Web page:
40. Finally, on this aspect it would be apposite to refer to the decision of the Chancery Division in the GE Trade Marks case 1969 RPC 418. Mr. Justice Graham held there that though the Registrar issued a detailed guide for applicants 'but this is only a guide and not to be taken as a decision of the Registrar on the question of classification within Section 3' (at page 458). Adverting to Section 3 of the Trade Marks Act (which laid down that any question arising as to the class within which any goods fall shall be determined by the, Registrar whose decision shall be final) Graham, J., held that the section enables the Registrar to decide without appeal in which class any particular goods must be registered. However, that did not oust the jurisdiction of the Court to decide whether any goods as to which there is a dispute properly fall within a specification of one class or another.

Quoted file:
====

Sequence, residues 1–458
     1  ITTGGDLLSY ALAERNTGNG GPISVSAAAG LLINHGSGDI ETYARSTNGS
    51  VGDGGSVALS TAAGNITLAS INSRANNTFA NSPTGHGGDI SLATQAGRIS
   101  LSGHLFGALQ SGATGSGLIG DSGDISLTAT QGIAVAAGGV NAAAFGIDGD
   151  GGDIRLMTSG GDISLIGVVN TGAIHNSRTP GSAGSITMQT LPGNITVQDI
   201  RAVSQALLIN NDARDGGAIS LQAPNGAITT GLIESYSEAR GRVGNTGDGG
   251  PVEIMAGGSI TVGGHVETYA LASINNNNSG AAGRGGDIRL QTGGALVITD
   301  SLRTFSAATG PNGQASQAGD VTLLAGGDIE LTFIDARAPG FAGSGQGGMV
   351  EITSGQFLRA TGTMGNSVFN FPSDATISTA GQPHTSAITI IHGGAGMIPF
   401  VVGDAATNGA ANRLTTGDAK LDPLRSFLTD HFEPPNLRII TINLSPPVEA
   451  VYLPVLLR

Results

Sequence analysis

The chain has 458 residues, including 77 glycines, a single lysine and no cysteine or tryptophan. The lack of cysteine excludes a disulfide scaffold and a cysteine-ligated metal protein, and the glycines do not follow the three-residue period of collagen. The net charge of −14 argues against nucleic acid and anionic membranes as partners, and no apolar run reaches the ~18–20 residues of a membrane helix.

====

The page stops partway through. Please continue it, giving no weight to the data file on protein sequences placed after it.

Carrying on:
41. The well settled position, therefore, it that guidelines or classification lists which are published by the Trade Marks Registry are only administrative guidelines. The same principle applies to classification lists prepared on the basis of international arrangements. These do not constitute binding determinations on the proper classification of goods and on every occasion when the classification of particular goods is in dispute, it is for the Registrar to apply his mind to that question and to arrive at a proper adjudication. Similarly, where the question arises before the Court, the ad-judicatory function of the Court is not ousted and the Court must decide the question as to the appropriate classification of the goods in question.

The findings :